Abstract

The primary goals of this study are to compare the efficiency of multiple oxidants that are produced using different commercially available anodes and separators and to optimize the reaction conditions for the recovery of multiple oxidants from brine. The brine produced in the desalination plants in Taiwan is the concentrated seawater that is recovered after the reverse osmosis process. The main component in the solution is NaCl. On average, chlorine concentration is approximately 3–5% by weight, which is slightly higher than the concentration for normal seawater. This concentrated brine can be used as raw material for the electrolyte to extract mixed disinfectant solutions. This study uses different catalytic electrolyzers to compare the efficiency with which multiple oxidants are produced using anodes that are coated in precious metal. A ruthenium-coated titanium anode generates the largest amount of active chlorine (chlorine dioxide). In terms of the diaphragms that are tested, the DuPont Nafion NE-2030 ion film produces active chlorine most efficiently. If no other chemicals are added to the brine (salinity 11.3%), Cl2 (302–376 mg L−1) is the primary oxidant generated from the original brine, and ClO2 (3.7–7.2 mg L−1) is the minor product in batch electrolysis.

This article has been made Open Access thanks to the kind support of CAWQ/ACQE (https://www.cawq.ca).

INTRODUCTION

Membrane technologies including reverse osmosis (RO) and ultrafiltration (UF) are the most widely used technologies in desalination plants (Belmont 1998; Khawaji et al. 2007; Oh et al. 2007; Oh et al. 2010). The application of membranes in desalination has increased as membrane materials have improved dramatically and their costs have been reduced (Morillo et al. 2014). When they are applied in desalination processes, the major waste product is concentrated brine. The concentrated brine that is generated from desalination is usually discarded into the surrounding sea and has a negative impact on the marine environment because it endangers native marine life and ecosystems (Bergmann & Rollin 2007; Jung et al. 2007; Oh & Oh 2010). The disposal of concentrated brine can cause a rapid increase in salinity in specific areas, resulting in dead seas. Recovering valuable components and chemical derivatives from brine has the potential to resolve both environmental and economic concerns (Thiel et al. 2017).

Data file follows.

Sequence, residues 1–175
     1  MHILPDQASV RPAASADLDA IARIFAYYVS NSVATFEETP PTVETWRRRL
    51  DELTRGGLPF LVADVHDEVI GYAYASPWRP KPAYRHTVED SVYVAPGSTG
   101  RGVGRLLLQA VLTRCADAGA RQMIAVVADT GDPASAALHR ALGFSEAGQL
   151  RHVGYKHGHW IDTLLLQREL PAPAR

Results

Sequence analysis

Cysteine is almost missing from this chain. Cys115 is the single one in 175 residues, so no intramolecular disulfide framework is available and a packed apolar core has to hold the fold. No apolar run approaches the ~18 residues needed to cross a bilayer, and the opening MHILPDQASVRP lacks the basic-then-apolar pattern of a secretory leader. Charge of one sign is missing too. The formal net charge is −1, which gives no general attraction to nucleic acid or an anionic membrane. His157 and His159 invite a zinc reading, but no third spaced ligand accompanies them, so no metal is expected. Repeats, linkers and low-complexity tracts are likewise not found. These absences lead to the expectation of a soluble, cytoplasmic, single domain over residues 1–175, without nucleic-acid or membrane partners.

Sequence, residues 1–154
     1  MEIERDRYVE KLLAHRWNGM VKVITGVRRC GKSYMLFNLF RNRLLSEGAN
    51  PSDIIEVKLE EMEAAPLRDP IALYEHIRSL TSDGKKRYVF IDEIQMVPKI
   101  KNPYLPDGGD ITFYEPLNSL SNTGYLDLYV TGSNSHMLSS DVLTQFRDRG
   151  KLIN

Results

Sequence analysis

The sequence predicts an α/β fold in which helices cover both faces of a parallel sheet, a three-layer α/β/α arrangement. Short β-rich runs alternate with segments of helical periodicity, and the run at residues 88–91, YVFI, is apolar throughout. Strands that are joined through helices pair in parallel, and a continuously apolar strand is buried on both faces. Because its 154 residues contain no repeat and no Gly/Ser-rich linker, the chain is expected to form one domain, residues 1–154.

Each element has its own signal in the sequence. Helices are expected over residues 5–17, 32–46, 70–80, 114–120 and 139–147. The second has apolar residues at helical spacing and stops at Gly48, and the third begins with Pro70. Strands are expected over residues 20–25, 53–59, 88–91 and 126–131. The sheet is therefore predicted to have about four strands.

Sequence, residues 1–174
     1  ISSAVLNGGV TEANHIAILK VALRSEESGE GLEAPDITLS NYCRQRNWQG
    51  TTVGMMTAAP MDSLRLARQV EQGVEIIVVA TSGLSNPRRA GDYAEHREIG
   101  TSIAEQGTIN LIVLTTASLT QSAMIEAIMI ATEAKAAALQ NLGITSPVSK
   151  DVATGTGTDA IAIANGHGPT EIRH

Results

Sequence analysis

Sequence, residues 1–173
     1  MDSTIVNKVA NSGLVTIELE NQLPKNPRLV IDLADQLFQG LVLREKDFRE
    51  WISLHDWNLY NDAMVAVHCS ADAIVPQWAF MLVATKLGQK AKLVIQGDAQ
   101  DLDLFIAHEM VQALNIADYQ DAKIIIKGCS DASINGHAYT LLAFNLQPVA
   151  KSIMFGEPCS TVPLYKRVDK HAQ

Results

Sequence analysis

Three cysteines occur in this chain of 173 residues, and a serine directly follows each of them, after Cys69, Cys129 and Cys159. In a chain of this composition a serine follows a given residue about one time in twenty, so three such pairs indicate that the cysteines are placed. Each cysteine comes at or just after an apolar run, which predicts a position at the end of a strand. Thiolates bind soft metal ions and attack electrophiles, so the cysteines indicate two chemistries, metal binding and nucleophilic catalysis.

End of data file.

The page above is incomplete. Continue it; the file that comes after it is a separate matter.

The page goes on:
Regardless of the technology that it uses, a desalination plant usually requires large amounts of disinfectant to treat raw seawater, clean treatment devices and to sterilize the freshwater product of the desalination processes. This study uses concentrated brine that is derived from the Nankan Third Stage Desalination Plant in Taiwan as the source of multiple oxidants, which are recovered using electrolysis. Disinfection processes are required in water treatment plants in general and in desalination systems in particular. The major component of concentrated brine is NaCl, which is the electrolyte that is used to produce chlorine. This can be used as a source of multiple oxidants that can be used for disinfection. These oxidants include chlorine dioxide (ClO2), chlorine (Cl2), ozone (O3) and hypochlorous acid (HOCl). The electrolyzer hardware components and the operating parameters must be controlled. Waste concentrated brine that is generated after desalination can be used as the raw material to produce disinfectants using electrolysis. These disinfectants can also be applied in many sterilizing processes. In this study, we aimed to investigate the efficiency of the production of multiple oxidants using different diaphragms in the electrolysis process and to explore the potential application of the optimized diaphragm electrolysis process for the production of disinfectants in desalination plant in Taiwan.